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‘The Lure’, aka ‘Córki dancingu’ (review)

Produced by Włodzimierz Niderhaus
Written by Robert Bolesto
Directed by Agnieszka Smoczyńska
Starring Marta Mazurek, Michalina Olszańska,
Kinga Preis, Jakub Gierszał, Andrzej Konopka,
Zygmunt Malanowicz, Magdalena Cielecka
Katarzyna Herman, Marcin Kowalczyk


The Lure isn’t the first musical about mermaids, but I’m fairly certain it’s the first Polish musical/horror film about man-eating, vicious, telepathic mermaids who find work as backup singers in a strip club.

Whatever else The Lure is, run-of-the-mill it ain’t.

Two mermaid sisters, Silver and Golden, come ashore one night and are taken in by members of a band which plays at a local strip club. As with the usual mermaid lore, their tails turn into humanoid legs while on dry land.

Though, in a perverse twist on the legend, they lack genitalia or anuses. “Smooth like Barbie”, notes one character.

Things go swimmingly (sorry) for a while, though potential trouble sets in when one of the sisters begins falling in love with the cute bassist in the band.

The film is a bit lackadaisical – and at times confusing – in its storytelling, and it’s not completely satisfying dramatically.

That said, it works as both horror and musical. There’s a lot of blood (and rampant nudity) and a ton of musical numbers, especially for a 92 minute film.

The numbers range from enjoyable to flat-out terrific, with a particularly bizarre musical number taking place during a gory surgery.

The styles of music are all over the map, in a good way. They range from show tunes to rock to ballads to punk, with lyrics that are sometimes blunt, sometimes quite witty and oft-times cryptic or poetic.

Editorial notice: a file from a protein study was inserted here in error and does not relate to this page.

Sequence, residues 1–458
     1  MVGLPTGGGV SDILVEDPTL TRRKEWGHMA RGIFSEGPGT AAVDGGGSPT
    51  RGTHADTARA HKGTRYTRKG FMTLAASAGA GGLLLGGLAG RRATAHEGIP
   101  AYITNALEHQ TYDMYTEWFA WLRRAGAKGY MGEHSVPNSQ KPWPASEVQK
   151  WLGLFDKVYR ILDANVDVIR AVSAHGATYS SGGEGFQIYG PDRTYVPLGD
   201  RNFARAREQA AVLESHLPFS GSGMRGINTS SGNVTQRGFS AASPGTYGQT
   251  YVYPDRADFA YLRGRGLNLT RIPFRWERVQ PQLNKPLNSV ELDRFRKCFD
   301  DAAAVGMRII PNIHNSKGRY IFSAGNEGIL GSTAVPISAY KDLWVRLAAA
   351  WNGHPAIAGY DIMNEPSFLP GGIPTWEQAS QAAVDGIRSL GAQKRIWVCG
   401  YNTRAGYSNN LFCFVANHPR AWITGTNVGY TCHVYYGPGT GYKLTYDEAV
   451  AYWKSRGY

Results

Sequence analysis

The performances are persuasive, the filmmaking often striking. There’s some nice editing in a sequence which cuts between a character being showered by feathers from a pillow and the mermaids contemplating murder in the falling snow.

While the film is never especially frightening, it IS bloody and disturbing, and it’s nice to see some of the songs actually contribute to the creepy atmosphere. This isn’t a musical that grinds to a halt once the songs kick in.

I read an interview with Steven Spielberg years ago in which he offered his axiom on Musicals: he felt he would only make a particular musical if he would still want to tell its story if it had no musical numbers.
This makes a lot of sense; some of the very best musicals do tell compelling stories that would work sans musical numbers.

However, I think The Lure’s story and its very existence as a musical are intertwined.  While there have certainly been horrific, non-musical takes on mermaids that have worked on their own terms, The Lure absolutely works best as is.  Just as some stories were meant to be told in graphic novel form, some work best on stage, etc., The Lure was meant to be a musical.

A flawed film, to be sure, but if you’re open to the premise, you’ll likely find a lot to enjoy and admire here.

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